One of the marquee features of the DS820A and its little 6" brother the DS620A is the ability to make panoramic prints. Each print is made by combining multiple pages together, with about 2" of overlap wastage, so if your printer is loaded with 8x12 media you can make 8x22 or 8x32 prints, with 8x10 media you can make 8x18 or 8x26. The 8x32 panoramic prints are absolutely spectacular, although finding a suitable frame for them is not a trivial undertaking, that not being a standard print size.

Unfortunately this functionality is not built into the printer driver, but you must use the DNP Hot Folder utility, and while it is available for both Mac and Windows, only the Windows version can make panoramic prints. DNP Hot Folder is meant to use for events where a single PC or server controls multiple printers. You drop the files into a directory per print size (hence the name “Hot Folder”) and the software will automatically print it on the next available printer loaded with the right media. Since the printers run in parallel, even if the print speed is not incredibly fast (about 30 to 60 seconds per print), aggregate throughput is sufficient for a busy event. I have mine on a USB switch (the printer has no network connectivity) to share it between my Mac and my gaming PC.

Making ScanSnap Receipts usable

For a long time I used a service called Shoeboxed to scan and organize my credit card receipts. Basically stuff your receipts in a US prepaid envelope, drop it in the mail, and they scan, OCR and shred them, as well as analyzing the text to extract the information. Unfortunately, since I moved to the UK the service leaves to be desired, and the price has also gone up over time.

I have a couple of Fujitsu ScanSnap document scanners, a S1500M, which is no longer supported on macOS Mojave (but fortunately is by the third-party app ExactScan), and an iX100 which still is supported, as well as a SV600 which is utterly unsuited to dealing with crumpled receipts. The new, dumbed-down ScanSnap Home app that ships with ScanSnaps has a receipt mode. Since I never use the iX100 to scan documents at home given I have a S1500M (it’s a handheld battery=powered simplex scanner that’s mostly intended for mobile use), I dedicated it and ScanSnap Home to scanning receipts.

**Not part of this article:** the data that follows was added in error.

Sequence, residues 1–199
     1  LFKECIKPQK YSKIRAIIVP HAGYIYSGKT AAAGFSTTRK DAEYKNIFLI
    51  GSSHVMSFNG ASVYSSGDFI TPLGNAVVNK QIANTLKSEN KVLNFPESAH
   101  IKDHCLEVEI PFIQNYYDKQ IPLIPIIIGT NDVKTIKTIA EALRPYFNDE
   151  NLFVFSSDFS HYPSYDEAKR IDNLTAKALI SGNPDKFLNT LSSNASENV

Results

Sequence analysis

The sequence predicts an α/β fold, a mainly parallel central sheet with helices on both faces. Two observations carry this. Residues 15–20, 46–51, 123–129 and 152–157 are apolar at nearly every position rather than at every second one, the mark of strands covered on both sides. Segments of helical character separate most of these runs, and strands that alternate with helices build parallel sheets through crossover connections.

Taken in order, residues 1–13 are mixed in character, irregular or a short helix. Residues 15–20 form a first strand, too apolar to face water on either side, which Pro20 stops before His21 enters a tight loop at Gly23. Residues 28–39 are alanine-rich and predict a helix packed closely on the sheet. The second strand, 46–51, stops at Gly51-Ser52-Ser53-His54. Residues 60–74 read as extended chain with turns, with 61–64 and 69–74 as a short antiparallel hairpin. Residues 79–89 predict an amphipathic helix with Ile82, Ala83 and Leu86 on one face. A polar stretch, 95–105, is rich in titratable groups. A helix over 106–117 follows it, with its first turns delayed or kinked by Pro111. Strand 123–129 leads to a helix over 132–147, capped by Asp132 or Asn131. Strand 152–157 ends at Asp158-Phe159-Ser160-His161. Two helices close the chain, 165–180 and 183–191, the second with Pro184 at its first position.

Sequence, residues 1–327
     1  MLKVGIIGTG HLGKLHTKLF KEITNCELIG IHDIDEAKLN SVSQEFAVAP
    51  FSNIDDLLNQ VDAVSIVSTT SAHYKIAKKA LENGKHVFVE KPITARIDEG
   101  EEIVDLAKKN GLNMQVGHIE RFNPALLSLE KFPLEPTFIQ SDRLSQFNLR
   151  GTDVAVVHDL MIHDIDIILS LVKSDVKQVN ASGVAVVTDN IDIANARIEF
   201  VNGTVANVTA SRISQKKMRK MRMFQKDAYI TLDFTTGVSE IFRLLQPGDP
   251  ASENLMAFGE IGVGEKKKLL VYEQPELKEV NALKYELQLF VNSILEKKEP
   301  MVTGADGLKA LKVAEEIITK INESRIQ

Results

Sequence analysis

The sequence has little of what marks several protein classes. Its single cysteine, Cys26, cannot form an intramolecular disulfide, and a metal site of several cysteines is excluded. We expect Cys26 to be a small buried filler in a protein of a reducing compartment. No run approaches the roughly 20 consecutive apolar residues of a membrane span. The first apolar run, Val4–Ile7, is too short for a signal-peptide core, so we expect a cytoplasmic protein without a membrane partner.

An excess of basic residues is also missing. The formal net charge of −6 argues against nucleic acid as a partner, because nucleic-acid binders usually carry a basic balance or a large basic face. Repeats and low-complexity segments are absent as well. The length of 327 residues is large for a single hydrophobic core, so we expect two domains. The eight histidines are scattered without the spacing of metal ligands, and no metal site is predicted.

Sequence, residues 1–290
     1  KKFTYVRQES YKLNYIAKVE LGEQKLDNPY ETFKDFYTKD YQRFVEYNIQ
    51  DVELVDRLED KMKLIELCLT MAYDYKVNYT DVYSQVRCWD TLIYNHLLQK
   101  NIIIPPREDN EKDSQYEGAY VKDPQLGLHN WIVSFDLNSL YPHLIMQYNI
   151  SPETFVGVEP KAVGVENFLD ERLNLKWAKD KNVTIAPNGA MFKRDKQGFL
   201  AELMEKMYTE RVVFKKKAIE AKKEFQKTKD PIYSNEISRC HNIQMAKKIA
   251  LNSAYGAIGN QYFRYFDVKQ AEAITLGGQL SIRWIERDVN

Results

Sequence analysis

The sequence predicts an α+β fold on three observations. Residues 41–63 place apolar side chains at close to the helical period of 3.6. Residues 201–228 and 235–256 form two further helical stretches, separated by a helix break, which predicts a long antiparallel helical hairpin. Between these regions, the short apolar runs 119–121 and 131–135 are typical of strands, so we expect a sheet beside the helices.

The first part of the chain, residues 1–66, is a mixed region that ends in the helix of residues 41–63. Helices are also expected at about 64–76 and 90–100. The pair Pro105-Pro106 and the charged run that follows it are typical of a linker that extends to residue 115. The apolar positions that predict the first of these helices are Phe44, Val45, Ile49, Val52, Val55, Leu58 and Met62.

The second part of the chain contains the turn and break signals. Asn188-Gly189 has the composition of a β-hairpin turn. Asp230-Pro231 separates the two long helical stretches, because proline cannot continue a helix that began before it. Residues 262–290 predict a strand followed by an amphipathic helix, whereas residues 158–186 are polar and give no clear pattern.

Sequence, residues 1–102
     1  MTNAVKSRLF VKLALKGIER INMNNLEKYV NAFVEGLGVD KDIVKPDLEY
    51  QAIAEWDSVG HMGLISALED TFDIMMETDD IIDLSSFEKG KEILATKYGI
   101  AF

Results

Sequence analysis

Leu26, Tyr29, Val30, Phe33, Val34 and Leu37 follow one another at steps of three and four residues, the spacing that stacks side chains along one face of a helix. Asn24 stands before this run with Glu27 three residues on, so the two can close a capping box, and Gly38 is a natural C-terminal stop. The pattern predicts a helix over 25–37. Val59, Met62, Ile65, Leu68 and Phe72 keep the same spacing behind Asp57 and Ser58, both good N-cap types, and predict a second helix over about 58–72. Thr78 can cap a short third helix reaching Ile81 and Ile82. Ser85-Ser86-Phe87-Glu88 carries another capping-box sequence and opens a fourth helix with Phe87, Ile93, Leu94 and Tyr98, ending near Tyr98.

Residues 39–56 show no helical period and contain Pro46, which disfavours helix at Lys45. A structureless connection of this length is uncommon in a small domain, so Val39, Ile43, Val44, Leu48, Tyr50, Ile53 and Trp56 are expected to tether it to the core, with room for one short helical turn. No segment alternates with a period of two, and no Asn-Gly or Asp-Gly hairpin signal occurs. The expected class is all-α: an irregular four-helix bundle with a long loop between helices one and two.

The basic functionality of scanning, deskewing, OCR-ing and extracting date, amount, vendor and so on mostly works, but otherwise ScanSnap Receipts is an ergonomic disaster. For starters, it never recognizes the currency correctly and always identifies my transactions as being in dollars rather than pounds. Secondly, it inexplicably lacks the ability to batch-edit receipts, e.g. select the date range for my last trip to France and change all of them from dollars to euros. You need to edit them one by one, which is as incredibly tedious as you can imagine.

After a few weeks of this, I decided to take matters in my own hand. It turns out ScanSnap Home uses Core Data backed by an underlying SQLite database. SQLite is the world’s most widely deployed database (every single Android and iOS smartphone includes it, for starters), but the Core Data object-relational mapper above it does a terrific job of obfuscating it and reducing its performance. Nonetheless, after a little bit of digging, I wrote the following script to automate the most repetitive operations:

  1. Stop all ScanSnap auxiliary processes, as they have the DB opened even if you quit the app
  2. Set the currency for all transactions tagged as Unchecked (ScanSnap Home does this by default) to GBP
  3. Normalize all unchecked Waitrose vendor names to Waitrose
  4. Same for Tesco
  5. Rename M&S to Marks & Spencer
  6. Fixes for Superdrug and Sainsbury’s
  7. Set the amount of receipts tagged as duplicates to zero
  8. Attempt to fix little-endian European format DD/MM/YYYY dates parsed as middle-endian US format MM/DD/YYYY
  9. Attempt to fix Euro format DD/MM/YY dates parsed as US format YY/MM/DD
  10. Restart ScanSnap Home

The timestamps in the database are in a strange format that seems to be the number of seconds since an epoch of 2001-01-01T00:00:00 UTC. I hope no one tries to scan receipts older than that… You can convert to UNIX timestamps by adding 978307200 and from there to SQLite’s Julian Day format.